The powan (Coregonus clupeoides) is a kind of freshwater whitefish endemic to two lochs in Scotland, Loch Lomond and Loch Eck. It has been successfully introduced in two other sites, Loch Sloy and the Carron Valley Reservoir.
Powan populations are relatively healthy, but may have been negatively impacted by the introduced ruffe, which eats powan eggs and fry. As a conservation action, an attempt to establish populations in four additional lakes has been undertaken.
The taxonomic status of the British whitefish populations, including powan, is a matter of debate. Currently the Scottish powan, along with the Welsh gwyniad known from a single lake, and four similar populations in England known as schelly, are generally considered belonging to the widespread Eurasian common whitefish (Coregonus lavaretus). This accords with the close genetic similarity among these units. The FishBase and IUCN however classify the Scottish powan as a distinct species, Coregonus clupeoides.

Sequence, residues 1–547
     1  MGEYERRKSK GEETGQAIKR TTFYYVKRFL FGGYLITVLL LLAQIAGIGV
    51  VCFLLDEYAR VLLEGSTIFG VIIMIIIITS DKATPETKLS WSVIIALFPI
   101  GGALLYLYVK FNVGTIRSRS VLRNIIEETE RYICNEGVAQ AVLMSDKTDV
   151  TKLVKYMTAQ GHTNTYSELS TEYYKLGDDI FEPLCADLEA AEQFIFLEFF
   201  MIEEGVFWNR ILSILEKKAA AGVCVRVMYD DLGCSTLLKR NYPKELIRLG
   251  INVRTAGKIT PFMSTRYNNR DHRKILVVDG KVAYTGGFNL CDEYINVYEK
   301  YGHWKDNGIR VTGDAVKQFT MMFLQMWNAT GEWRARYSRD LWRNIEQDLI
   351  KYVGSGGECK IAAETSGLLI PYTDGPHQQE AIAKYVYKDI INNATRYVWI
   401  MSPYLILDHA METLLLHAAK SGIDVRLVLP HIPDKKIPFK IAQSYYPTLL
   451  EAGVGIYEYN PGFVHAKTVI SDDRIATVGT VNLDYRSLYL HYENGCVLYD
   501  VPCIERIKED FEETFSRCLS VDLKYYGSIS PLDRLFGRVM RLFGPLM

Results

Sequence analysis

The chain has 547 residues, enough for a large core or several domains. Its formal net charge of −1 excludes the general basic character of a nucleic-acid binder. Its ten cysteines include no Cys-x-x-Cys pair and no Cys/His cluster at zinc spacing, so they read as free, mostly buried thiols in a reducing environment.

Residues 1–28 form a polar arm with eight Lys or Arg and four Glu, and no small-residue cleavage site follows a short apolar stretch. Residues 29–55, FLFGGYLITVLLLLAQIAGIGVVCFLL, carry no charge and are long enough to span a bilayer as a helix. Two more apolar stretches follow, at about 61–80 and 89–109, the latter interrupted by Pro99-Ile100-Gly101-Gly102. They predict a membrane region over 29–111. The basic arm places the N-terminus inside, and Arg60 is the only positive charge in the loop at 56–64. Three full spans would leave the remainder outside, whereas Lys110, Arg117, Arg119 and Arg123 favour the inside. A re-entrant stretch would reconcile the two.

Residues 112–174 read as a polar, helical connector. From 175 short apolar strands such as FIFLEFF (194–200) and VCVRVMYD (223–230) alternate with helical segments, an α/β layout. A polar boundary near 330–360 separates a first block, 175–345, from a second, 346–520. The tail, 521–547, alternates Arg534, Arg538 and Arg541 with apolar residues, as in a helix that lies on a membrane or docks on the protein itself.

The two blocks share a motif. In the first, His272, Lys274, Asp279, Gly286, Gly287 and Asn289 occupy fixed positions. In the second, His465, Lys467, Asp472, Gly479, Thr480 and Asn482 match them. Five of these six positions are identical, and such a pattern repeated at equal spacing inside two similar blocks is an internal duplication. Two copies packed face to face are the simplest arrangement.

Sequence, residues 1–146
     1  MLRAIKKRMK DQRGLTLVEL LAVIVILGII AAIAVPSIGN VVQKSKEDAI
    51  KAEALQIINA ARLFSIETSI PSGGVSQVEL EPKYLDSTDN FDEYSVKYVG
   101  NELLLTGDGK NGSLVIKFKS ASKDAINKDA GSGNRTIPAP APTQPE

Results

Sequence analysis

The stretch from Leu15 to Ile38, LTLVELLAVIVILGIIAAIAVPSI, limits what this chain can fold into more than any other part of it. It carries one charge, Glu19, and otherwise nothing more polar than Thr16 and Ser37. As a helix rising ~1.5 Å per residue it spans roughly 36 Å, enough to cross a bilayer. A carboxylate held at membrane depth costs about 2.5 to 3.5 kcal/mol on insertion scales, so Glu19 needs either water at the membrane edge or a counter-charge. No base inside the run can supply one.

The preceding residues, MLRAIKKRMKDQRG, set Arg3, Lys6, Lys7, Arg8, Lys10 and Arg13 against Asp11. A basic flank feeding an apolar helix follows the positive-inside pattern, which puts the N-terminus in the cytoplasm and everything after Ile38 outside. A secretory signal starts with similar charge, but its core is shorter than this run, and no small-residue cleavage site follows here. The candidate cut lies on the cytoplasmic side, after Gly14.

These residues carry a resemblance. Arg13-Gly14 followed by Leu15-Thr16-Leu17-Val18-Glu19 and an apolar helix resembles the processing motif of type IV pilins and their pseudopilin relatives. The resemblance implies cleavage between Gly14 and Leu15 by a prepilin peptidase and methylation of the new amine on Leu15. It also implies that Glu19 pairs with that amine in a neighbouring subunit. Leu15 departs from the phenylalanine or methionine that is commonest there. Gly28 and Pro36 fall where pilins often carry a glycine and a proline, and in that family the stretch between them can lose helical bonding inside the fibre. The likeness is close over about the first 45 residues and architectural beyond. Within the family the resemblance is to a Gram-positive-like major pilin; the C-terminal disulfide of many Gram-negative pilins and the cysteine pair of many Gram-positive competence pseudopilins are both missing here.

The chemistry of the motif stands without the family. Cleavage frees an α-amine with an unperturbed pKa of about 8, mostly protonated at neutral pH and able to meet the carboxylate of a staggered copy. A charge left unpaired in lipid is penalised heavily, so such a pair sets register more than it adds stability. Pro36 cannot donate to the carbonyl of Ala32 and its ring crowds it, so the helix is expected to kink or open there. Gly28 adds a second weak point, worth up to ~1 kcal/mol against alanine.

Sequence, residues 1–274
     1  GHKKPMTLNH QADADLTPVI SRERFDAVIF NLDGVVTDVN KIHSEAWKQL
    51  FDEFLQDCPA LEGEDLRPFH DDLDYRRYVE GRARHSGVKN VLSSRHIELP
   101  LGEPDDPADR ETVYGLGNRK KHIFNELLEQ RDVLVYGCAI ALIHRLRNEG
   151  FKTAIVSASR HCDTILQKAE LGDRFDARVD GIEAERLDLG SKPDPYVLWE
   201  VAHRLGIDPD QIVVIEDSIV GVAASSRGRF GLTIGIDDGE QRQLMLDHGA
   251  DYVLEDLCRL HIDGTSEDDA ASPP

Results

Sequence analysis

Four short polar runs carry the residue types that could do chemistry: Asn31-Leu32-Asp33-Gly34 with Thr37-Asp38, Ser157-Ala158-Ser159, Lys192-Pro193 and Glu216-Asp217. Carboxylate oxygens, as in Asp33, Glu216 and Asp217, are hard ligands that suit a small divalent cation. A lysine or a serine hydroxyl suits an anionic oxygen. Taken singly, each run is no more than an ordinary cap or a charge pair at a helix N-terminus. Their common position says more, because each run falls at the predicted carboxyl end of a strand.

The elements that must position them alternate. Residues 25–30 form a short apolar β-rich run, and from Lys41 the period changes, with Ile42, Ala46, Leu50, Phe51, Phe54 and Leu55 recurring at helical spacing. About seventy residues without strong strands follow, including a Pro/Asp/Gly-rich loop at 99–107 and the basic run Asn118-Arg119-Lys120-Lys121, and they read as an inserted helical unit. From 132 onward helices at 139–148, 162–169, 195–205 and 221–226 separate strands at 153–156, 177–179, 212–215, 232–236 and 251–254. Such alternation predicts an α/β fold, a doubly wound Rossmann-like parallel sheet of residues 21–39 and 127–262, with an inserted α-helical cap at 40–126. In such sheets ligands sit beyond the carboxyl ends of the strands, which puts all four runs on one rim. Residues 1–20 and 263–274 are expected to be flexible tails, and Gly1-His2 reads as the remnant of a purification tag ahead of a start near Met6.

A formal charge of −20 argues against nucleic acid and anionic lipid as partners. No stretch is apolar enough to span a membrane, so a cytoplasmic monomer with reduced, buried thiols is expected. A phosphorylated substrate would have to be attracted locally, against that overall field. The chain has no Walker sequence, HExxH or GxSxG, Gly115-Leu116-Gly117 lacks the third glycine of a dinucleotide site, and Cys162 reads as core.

- Freyhof, J. & Kottelat, M. (2008) Coregonus clupeoides. In:IUCN Red List of Threatened Species. Version 2010.1. (Accessed 17 April 2010)
- Vendace and Powan: the Coregonids Dualchas Nàdair na h-Alba (Scottish Nature Heritage) (Accessed 17 April 2010)
- Powan project to ensure survival of rare UK fish species fishnewseu.com (9 February 2010)
- Hundreds of rare powan fish to be released into Loch Lomond in conservation effort news.scotsman.com (23 March 2010)
- Winfield, I,J., Fletcher, J.M. (2008) Hydroacoustic assessment of the introduced powan populations of Carron Valley Reservoir and Loch Sloy. Final Report. Natural Environment Research Council
- Etheridge E.C (2009) Aspects of the conservation biology of Coregonus lavaretus in Britain. University of Glasgow
- Froese, Rainer and Pauly, Daniel, eds. (2010). "Coregonus clupeoides" in FishBase. March 2010 version.
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